Ron Gester, a co-founder and board member of SCGI, has been researching and writing about the need for nuclear energy in our fight against climate change and global poverty for many years. In his most recent paper, he shares his personal journey with hopes of reaching those who are opposed or not yet informed. It distills years of research into a compelling story and a thoroughly documented resource.


"I was alarmed by the spread of wind turbines and solar panels. Ridgelines and seascapes were becoming industrialized, fields were being fenced off to protect panels, trees were being cut down because they cast shadows … and the transition was just in its infancy."

"I concluded that nuclear “waste” was, in fact, a massive energy resource that will probably benefit future generations."

"I learned that ionizing radiation was a relatively weak carcinogen [1,2] and my heightened fear of it was the result of fiction, marketing, and cold-war propaganda. [3] Nuclear energy ranked among the safest (per TWh) and cleanest (per GWh) forms of energy. [4]"

Why I Changed My Mind

Ron Gester, retired geologist and physician                                                                                                    August 2021

In the 1970s, I marched in opposition to nuclear power plants. In 2008, I began to realize that I knew a lot about nuclear energy … that just wasn’t true. When I discovered how wrong I had been, I became obsessed with the quality of my information. I wanted to promote options for fighting climate change and global poverty that were supported by rigorous science and math. David MacKay’s book, Sustainable Energy – Without the Hot Air, showed how. [1] After much effort, I concluded that nuclear energy was one of those options – perhaps the most important one – since clean energy is essential for fighting both climate change and global poverty. I realized that while other forms of clean energy were important, they would not be sufficient. What follows is a summary of why I changed my mind.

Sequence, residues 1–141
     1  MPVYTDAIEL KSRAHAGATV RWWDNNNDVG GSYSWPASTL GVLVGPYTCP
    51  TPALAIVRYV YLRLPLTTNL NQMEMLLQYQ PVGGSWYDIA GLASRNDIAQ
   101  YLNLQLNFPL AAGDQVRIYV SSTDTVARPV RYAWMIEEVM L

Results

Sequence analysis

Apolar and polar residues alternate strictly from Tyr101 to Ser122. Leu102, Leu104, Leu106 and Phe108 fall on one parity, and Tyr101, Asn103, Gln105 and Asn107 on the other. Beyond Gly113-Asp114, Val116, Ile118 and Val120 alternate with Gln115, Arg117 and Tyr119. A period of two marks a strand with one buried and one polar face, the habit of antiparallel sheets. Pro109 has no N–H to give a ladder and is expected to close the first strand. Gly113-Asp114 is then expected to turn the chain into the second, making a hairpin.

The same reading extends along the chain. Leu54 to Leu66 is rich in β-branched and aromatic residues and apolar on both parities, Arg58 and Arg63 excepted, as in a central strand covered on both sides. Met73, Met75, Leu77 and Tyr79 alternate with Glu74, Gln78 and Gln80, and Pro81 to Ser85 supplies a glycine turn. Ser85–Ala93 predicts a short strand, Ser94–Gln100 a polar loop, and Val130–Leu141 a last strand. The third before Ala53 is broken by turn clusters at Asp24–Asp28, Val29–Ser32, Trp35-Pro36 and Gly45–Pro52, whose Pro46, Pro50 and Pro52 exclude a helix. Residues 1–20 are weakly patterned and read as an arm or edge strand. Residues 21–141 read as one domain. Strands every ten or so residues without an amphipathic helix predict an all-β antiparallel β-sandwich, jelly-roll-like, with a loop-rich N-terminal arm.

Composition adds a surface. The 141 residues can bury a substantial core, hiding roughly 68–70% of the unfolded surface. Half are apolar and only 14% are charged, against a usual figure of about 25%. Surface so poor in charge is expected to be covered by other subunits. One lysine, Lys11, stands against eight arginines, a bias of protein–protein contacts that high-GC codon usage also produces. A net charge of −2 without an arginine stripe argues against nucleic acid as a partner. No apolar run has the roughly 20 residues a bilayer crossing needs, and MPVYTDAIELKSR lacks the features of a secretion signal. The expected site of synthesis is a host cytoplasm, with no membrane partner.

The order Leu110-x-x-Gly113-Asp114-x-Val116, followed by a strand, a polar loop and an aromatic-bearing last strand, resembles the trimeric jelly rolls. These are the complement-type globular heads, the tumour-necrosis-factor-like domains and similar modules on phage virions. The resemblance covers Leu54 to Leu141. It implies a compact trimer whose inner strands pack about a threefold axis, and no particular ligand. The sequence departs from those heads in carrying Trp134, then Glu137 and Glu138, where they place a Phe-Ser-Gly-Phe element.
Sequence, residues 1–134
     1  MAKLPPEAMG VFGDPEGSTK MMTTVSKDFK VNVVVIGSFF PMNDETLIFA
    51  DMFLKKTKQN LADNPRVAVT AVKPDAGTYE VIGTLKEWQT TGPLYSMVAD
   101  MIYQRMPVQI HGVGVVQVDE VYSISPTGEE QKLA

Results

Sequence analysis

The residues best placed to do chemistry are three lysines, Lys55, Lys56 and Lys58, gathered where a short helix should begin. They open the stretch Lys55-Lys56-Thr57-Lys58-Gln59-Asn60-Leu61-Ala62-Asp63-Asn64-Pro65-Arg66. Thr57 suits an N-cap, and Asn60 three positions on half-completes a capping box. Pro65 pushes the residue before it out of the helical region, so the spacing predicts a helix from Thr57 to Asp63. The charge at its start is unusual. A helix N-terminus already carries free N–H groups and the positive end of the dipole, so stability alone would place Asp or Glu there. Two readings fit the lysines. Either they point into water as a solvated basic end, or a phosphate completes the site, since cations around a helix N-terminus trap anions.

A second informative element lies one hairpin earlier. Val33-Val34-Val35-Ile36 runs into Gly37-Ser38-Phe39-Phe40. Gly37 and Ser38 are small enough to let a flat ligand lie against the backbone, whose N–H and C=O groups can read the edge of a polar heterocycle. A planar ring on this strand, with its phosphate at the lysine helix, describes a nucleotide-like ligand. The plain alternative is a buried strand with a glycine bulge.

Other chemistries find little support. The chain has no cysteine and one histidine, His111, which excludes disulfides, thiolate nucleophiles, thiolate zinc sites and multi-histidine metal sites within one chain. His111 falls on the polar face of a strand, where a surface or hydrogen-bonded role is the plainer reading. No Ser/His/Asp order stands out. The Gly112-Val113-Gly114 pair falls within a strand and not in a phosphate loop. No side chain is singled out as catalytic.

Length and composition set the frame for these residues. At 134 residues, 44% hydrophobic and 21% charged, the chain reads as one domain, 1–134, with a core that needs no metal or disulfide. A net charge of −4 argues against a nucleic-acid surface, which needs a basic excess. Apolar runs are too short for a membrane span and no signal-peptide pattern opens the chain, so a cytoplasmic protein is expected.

Click here to read the entire article.

Generation IV nuclear reactors are being developed through an international cooperation of 14 countries—including the United States.

The U.S. Department of Energy and its national labs are supporting research and development on a wide range of new advanced reactor technologies that could be a game-changer for the nuclear industry. These innovative systems are expected to be cleaner, safer, and more efficient than previous generations.

  • Sodium-Cooled Fast Reactor
  • Very High-Temperature Reactor
  • Molten Salt Reactor

Click here to read about them...

Advanced nuclear technologies can propel the world toward our climate goals by providing affordable, zero-carbon electricity and heat; supporting the growth of renewable energy sources; and supplying clean energy for water desalination, hydrogen production, and other processes that will be vital in creating a low-carbon economy.

Read the entire article at

Today, Senator Joe Manchin (D-WV), Chairman of the Senate Energy and Natural Resources Committee, urged President Biden to preserve the United States’ civil nuclear fleet and prevent further plant closures. Chairman Manchin also highlighted that nuclear energy is critical to providing a reliable power grid, reducing carbon emissions, and addressing climate change.

letter from manchin to biden 2021 04 20


By Dennis Normile

One evening in June 2011, Masaharu Tsubokura went to bed and found he couldn’t close his left eye. His face was paralyzed, and for a few weeks the doctor who had spent months counseling residents displaced by a massive nuclear disaster was himself a patient.

The paralysis was temporary. But the stress that caused it has been a constant in Tsubokura’s life since he volunteered in Japan’s Fukushima prefecture, days after the triple catastrophe that rocked it on 11 March 2011: a magnitude 9 earthquake, a tsunami that rose up to 40 meters, and multiple meltdowns and explosions at the Fukushima Daiichi Nuclear Power Plant. What was meant to be a short volunteer stint giving health checks to evacuees became a career that has lasted 10 years and counting.